The US National Education Policy Center’s Think Twice Think Tank Review Project recently reviewed a RAND study on personalised learning. The RAND study examined the effects of three school-wide personalised learning initiatives on pupil achievement to try to find evidence linking specific learning strategies to achievement outcomes.
RAND defined “personalised learning” (PL) as incorporating five specific characteristics including data-supported pupil goals accessible to teachers and pupils, and personalised learning of each pupil’s choice with in-school support and learning outside school.
The RAND study compared the MAP reading and maths scores of 11,000 pupils in 62 schools who had been using a personalised learning approach for two years to the scores of pupils matched at baseline to serve as a comparison. Researchers found higher achievement scores for the PL group, especially at primary age. In addition, the study showed that personalised learners’ scores increased at a greater rate than the nation’s scores. Overall, researchers deemed PL promising practice.
However, the Think Twice Think Tank Review Project disagrees. In a review of the study, researchers felt that the study’s limitations prevented it from demonstrating true evidence of promising practice. First, reviewers noted that only pupil involvement in analysing their own data and goal setting was associated with consistent gains. They pointed out that two of the attributes ascribed to the success of PL – flexible learning environments and student grouping – were also used in schools not using PL. They noted that the largest departure from usual classroom practice (competency-based progression) was not used in the majority of the experimental schools, casting doubt on its pertinence. In addition, reviewers were dubious about the generalisability of the findings because 90% of the study schools were charter schools.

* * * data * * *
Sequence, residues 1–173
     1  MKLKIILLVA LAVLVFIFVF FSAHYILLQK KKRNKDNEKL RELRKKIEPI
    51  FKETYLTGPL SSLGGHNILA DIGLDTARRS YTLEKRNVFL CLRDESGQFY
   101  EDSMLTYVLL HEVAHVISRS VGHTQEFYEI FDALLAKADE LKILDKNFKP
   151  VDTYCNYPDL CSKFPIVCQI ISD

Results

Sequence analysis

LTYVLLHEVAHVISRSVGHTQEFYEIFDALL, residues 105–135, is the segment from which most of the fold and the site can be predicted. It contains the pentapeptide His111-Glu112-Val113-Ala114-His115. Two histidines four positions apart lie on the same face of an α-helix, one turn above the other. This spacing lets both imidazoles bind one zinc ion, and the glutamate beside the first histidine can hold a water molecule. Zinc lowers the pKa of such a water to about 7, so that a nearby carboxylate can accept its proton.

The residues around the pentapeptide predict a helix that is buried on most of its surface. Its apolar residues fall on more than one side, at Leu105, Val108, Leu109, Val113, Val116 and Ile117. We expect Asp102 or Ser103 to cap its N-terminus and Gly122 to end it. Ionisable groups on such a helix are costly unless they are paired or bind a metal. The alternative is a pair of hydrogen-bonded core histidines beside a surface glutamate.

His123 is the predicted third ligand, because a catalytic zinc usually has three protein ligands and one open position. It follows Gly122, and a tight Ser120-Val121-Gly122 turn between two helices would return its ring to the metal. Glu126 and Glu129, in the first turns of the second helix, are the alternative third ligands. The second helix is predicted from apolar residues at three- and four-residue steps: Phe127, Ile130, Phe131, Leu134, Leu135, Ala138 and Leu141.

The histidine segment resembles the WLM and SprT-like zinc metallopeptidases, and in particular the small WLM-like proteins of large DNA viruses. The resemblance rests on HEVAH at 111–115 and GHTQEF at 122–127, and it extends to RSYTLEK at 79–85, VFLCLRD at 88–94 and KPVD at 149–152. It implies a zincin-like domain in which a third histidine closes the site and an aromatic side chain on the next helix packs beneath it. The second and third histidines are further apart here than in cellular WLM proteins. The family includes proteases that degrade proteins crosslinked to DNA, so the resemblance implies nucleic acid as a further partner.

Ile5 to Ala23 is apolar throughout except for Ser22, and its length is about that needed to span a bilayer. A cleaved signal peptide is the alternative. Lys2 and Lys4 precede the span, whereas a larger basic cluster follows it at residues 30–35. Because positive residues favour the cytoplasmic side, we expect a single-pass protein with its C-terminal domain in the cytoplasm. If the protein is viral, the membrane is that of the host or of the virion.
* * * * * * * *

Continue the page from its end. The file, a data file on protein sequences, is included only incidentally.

Think Tank reviewers concluded that the study suggests there may indeed be personalised practices associated with test score gains, but that the practices in the three experimental models weren’t drastically different than practices in untreated schools. The study’s limitations cast doubt on the models’ generalisation.
Source: Continued Progress Promising Evidence on Personalized Learning (2015), RAND Corporation, and Review of Continued Progress: Promising Evidence on Personalized Learning (2016), NEPC.